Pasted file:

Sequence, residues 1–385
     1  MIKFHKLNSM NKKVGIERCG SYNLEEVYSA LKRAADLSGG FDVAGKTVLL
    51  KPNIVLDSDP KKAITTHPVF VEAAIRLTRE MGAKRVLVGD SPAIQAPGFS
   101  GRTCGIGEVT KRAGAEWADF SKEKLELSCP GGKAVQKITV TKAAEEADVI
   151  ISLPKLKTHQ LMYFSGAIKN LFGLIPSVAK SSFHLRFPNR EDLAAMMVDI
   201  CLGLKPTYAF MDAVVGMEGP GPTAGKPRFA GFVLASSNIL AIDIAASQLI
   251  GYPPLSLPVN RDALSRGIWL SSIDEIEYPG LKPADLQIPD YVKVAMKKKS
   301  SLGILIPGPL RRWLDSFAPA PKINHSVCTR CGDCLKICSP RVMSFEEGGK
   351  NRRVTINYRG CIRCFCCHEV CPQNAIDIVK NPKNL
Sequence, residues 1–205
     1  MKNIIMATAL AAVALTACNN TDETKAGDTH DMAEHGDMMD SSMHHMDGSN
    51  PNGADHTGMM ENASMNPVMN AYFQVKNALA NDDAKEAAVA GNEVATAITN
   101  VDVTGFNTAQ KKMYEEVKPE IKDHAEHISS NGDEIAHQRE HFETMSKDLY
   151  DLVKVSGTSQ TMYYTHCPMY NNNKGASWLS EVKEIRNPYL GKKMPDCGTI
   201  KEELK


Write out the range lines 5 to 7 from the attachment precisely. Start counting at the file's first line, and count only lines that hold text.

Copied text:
   151  ISLPKLKTHQ LMYFSGAIKN LFGLIPSVAK SSFHLRFPNR EDLAAMMVDI
   201  CLGLKPTYAF MDAVVGMEGP GPTAGKPRFA GFVLASSNIL AIDIAASQLI
   251  GYPPLSLPVN RDALSRGIWL SSIDEIEYPG LKPADLQIPD YVKVAMKKKS